This study reports the prevalence of two common cardiovascular diseases, angina and stroke, and the relevant risk factors among older adults in six LIMCs. Globally, the age-adjusted CVDs mortality continues to be unevenly distributed: where it has decreased in high income countries(HICs) by 43% in recent decades [19], while LIMCs are drowning in a rising tide of CVD. Although age-standardized rates of death attributable to CVD declined 13% in LMICs from 381 per 100000 in 1990 to 332 per 100000 in 2013, the number of deaths increased 66% from 7.21 million to 12 million in 2013 with ageing and population growth ascribed as the main drivers [19]. Ischaemic heart disease and cerebrovascular disease (stroke) combined accounted for more than 85.1% of all cardiovascular disease deaths in 2016[20]. Our study indicated that CVDs(angina, stroke) were prevalent and variable among older adults in six countries. Angina and stroke were both highest in Russian Federation(47.5%, 6.1% respectively). Women were more likely to have angina than men in all six countries. Stroke was more prevalent in urban than in rural. Angina and stroke both tended to increase with age in China.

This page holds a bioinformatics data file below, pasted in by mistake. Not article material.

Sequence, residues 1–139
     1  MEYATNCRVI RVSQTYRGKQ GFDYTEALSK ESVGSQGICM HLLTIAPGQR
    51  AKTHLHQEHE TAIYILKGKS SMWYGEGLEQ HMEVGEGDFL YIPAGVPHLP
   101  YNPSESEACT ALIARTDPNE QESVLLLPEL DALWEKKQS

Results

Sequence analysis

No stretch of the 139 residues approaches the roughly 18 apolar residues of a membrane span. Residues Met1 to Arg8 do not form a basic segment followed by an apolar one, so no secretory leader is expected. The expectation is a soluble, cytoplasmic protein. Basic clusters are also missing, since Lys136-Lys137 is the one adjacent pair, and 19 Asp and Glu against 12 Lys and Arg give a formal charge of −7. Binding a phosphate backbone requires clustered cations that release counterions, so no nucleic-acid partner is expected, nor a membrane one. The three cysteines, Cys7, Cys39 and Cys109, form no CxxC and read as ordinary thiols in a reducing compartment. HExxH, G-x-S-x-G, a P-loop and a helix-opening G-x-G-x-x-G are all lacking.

Prevalence of CVDs generally appeared to be most closely linked to a country’s stage of epidemiological transition [21], especially when high disease rates in middle age carry through into older ages. Underlying social, environmental, and economic shifts in many countries have led to increasing levels of predominant causes such as tobacco and alcohol use, sedentary lifestyle, unhealthy diets, and suboptimum levels of weight, blood pressure, cholesterol, and plasma glucose. The high and growing prevalence of CVD in LIMCs largely reflects the burden of these key risk factors. Our study revealed that hypertension, high BMI, decreased physical activity, frequent heavy drinking and lower household health were key risk factors of angina and stroke. However, the distribution of risk factors in six counties was unequal, for example, the factor with highest OR of angina in China and Russian Federation was hypertension, whereas it was smoking in India and South Africa.